People with diabetes are prone to foot problems, often developing from a combination of poor circulation and nerve damage. A poor circulation can delay healing and increase your risks of infection. If left untreated, minor foot injuries can result in ulceration and even 15 times increased risk of having limb amputated. Damage to the nerves in the legs and feet diminishes skin sensation, making it difficult to detect or notice pain or temperature changes. A minor sore or scrape on your foot may get infected simply because you don’t know it is there.
The three major symptoms of diabetes are:
Polyuria (The need to urinate frequently).
Polydipsia (Increased thirst & fluid intake).
Polyphagia (Increased appetite).
In the case of type 1 diabetes, these symptoms can develop quickly. However, when it comes to type 2 diabetes, symptoms may be far subtler and develop slower.
Causes of Diabetes:
Type 1 Diabetes:
Autoimmune disease – The body’s immune system attacks the cells in the pancreas that produce insulin.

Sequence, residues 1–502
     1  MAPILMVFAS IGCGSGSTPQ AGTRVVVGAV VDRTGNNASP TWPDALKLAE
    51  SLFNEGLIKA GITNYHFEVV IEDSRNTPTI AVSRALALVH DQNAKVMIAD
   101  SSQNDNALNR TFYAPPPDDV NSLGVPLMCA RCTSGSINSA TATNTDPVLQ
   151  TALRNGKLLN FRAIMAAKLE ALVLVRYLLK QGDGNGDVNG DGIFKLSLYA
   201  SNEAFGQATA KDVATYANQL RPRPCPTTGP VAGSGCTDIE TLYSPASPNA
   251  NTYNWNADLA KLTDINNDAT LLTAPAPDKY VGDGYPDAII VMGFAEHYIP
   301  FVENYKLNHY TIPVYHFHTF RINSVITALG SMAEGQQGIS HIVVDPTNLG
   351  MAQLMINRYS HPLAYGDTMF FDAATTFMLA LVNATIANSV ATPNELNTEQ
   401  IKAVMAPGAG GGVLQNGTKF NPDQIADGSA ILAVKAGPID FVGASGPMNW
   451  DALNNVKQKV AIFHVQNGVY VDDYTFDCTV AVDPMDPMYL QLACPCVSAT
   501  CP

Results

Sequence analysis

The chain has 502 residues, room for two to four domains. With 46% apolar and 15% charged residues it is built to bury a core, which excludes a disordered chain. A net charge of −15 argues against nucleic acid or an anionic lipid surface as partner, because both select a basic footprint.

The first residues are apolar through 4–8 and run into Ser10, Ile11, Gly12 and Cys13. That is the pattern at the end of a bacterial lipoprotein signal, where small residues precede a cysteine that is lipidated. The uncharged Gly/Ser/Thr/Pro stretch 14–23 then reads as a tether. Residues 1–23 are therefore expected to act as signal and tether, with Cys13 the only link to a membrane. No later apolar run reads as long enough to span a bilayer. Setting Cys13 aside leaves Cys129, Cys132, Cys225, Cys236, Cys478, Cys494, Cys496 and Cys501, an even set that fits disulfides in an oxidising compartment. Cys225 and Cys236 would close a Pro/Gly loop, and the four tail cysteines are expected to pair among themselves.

Genetic – A positive family history is much more common for type 2 diabetes.
Environmental factors – viral infections.
Gender – Slightly more common in men than in women.
Type 2 Diabetes:
Genetic links – tends to run in families
Risk factors for developing type 2 diabetes include the following:
High blood pressure.
High blood triglyceride (fat) levels.
Gestational diabetes or giving birth to a baby weighing more than 9 pounds.
High alcohol intake.
Obesity or being overweight.
Gestational diabetes – high blood sugar that starts or is first diagnosed during pregnancy.
Aging (Increasing age) – Risk begins to rise significantly at about age 45 years, and rises considerably after age 65 years.
The podiatrist is in a position to give you appropriate advice and treatment. Your foot is checked so as to assess the risk of developing complications, for example a foot ulcer. If necessary you may be referred on to a Vascular Surgeon.